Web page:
Reviews

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The Theory of Everything

Reviewed by Hadouken65

  • Currently 4/5 Stars.

The Woman in Black 2: Angel of Death

Reviewed by Hadouken65

  • Currently 3/5 Stars.

Birdman

Reviewed by Hadouken65

  • Currently 5/5 Stars.

Taken 3

Reviewed by Hadouken65

  • Currently 2/5 Stars.

Into the Woods

Reviewed by Hadouken65

  • Currently 2/5 Stars.

Foxcatcher

Reviewed by Hadouken65

  • Currently 4/5 Stars.

American Sniper

Reviewed by Hadouken65

  • Currently 4/5 Stars.

Wild

Reviewed by Hadouken65

  • Currently 4/5 Stars.

Whiplash

Reviewed by Hadouken65

  • Currently 3/5 Stars.

Ex Machina

Reviewed by Hadouken65

  • Currently 5/5 Stars.

Mortdecai

Reviewed by Starbuckie

  • Currently 2/5 Stars.

I was in the humor for something stupid just not this stupid! Not even Ewan McGregor could save it.

The Theory of Everything

Reviewed by emer

  • Currently 4/5 Stars.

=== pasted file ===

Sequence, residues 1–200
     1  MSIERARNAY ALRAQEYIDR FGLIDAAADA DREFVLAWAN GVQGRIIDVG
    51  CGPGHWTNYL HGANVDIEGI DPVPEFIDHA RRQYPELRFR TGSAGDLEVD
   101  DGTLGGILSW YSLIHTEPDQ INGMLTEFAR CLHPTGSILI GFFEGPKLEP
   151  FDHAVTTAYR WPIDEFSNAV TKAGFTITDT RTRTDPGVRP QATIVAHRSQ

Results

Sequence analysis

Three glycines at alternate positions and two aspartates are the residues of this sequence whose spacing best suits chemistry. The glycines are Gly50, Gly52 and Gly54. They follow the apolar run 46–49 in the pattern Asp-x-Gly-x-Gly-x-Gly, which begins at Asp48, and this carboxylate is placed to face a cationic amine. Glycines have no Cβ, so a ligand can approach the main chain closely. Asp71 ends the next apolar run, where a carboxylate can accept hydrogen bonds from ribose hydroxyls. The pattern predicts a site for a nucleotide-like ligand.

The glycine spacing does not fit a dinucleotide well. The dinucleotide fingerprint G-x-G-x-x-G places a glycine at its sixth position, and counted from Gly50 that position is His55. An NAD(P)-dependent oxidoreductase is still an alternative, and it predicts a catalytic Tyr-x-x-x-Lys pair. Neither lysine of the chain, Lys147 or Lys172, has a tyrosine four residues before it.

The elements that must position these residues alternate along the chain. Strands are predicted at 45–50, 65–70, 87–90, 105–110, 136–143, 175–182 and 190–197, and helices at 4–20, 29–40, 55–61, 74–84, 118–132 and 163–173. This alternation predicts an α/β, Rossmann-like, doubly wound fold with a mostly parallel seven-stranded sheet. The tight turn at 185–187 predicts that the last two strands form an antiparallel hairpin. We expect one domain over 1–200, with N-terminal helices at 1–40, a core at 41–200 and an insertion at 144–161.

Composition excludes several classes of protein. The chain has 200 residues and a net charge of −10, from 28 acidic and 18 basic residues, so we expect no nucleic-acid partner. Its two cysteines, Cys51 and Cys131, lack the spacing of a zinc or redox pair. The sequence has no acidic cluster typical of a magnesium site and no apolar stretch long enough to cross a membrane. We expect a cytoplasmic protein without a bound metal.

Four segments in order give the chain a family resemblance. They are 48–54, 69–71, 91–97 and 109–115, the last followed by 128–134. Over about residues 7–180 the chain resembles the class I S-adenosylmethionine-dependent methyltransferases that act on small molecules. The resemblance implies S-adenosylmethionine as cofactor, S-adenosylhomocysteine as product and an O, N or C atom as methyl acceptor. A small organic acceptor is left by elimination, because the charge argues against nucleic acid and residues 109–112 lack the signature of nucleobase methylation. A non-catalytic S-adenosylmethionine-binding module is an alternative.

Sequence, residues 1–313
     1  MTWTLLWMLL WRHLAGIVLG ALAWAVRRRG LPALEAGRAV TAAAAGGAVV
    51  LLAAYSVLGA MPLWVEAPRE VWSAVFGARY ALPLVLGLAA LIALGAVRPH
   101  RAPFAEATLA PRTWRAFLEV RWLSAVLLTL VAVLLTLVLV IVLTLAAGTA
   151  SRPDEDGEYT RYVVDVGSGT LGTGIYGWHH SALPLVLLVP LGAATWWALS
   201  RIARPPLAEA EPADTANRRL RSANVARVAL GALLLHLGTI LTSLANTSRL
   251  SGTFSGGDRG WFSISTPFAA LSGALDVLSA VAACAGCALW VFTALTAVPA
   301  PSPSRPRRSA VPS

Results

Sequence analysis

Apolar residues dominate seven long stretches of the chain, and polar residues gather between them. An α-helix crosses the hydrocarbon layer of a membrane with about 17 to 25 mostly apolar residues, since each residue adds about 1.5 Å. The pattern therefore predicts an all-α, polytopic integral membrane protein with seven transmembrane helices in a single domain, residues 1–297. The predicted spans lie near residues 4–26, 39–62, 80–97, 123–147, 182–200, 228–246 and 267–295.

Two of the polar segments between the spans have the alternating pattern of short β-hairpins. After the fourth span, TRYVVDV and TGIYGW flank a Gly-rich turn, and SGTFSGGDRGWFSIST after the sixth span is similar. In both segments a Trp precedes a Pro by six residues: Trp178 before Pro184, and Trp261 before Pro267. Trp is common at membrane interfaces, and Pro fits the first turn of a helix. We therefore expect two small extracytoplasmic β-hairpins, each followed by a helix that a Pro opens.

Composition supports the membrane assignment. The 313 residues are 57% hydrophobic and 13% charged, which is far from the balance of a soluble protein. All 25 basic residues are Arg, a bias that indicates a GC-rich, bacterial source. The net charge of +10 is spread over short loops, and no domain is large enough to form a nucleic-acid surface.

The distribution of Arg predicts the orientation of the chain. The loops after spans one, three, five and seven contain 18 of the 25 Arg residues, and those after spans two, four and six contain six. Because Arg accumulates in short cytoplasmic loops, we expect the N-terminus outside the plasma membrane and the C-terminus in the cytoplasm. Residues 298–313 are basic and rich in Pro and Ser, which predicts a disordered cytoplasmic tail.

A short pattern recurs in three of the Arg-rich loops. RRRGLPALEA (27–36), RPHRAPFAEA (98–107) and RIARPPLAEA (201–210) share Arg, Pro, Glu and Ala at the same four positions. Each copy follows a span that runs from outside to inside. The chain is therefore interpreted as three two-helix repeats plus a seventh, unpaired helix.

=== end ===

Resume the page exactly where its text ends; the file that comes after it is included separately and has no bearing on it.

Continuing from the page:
“The Theory of Everything” is Director James Marsh’s extraordinary biopic about the fascinating and inspirational genius physicist Stephen Hawking. It focusses on 30 years in Hawking’s life from his early student days through his 25 year marriage and his slow deterioration from the ravages of Motor Neuron disease. The experiences inspired Jane Wilde Hawking’s best-selling memoir “Travelling to Infinity: My Life with Stephen”, upon which the director has sensitively based this film. The story begins in 1963 when Stephen (Eddie Redmayne) was an awkward, shy but charming student pursuing a doctorate in physics in Cambridge. When he meets a pretty, lively and determined young girl, Jane Wilde (a superb Felicity Jones), at a party, they fall madly in love. She is well-bred and well-mannered and is one of the few girls who can engage his intellect in discussions about religion, science and poetry and he is captivated by her. However, not long after they finally get together, Stephen stumbles and lands unconscious on the pavement at school. With his entire future ahead of him, a doctor informs Stephen he has only about two years to live as muscles throughout his body have started to rapidly deteriorate. This sends Stephen plummeting into a downward spiral of depression. He cuts off his friends, loved ones and academic connections and becomes resigned to his impending death. But Jane is determined not to succumb to his darkness and wants nothing to do with despair. She pursues him, marries him and ultimately devotes her life to his survival. While she patiently coaxes him out of his depression, Stephen continues to spin out brilliant theories. However, the strain of looking after him while also raising three children begins to wear on Jane. She says she needs outside help but Stephen resists this. When a music teacher named Jonathan Hellyer Jones (Charlie Cox), enters their world, things get more complicated. This is a fine film on so many levels. It doesn’t shy away from depicting the horrors of Hawking’s illness, nor the strains that it put on his marriage and the burden it places on Jane as his caregiver. Their relationship is constantly tested by the horrific progression of his disabilities which attacks and ravages his body but not his brilliant mind. The physical transformation of Eddie Redmayne is remarkable. He gives one of the most phenomenal performances of the year and in my opinion is surely deserving of an Oscar. While his performance is tragic and emotional, he also manages to inject it with humour, even when he can no longer move or communicate without mechanical assistance. In fact, the acting is universally impeccable. “The Theory of Everything” is a touching, heart wrenching and moving tale but also a love story full of courage, compassion and strength. It is by no means a typical heroic love story. As Stephen’s crippling disability accelerates, the marriage is knocked and threatened by doubts, exhaustion and infidelity on both sides. Even after their later divorce and Stephen’s second marriage, I think it is heartwarming to know that they remain friends to this day. Now he is 72 and Stephen Hawking is a remarkable example of how much the brain can still achieve, even if the body has given up. I would highly recommend this inspirational story about how one extraordinary couple triumphs over adversity.

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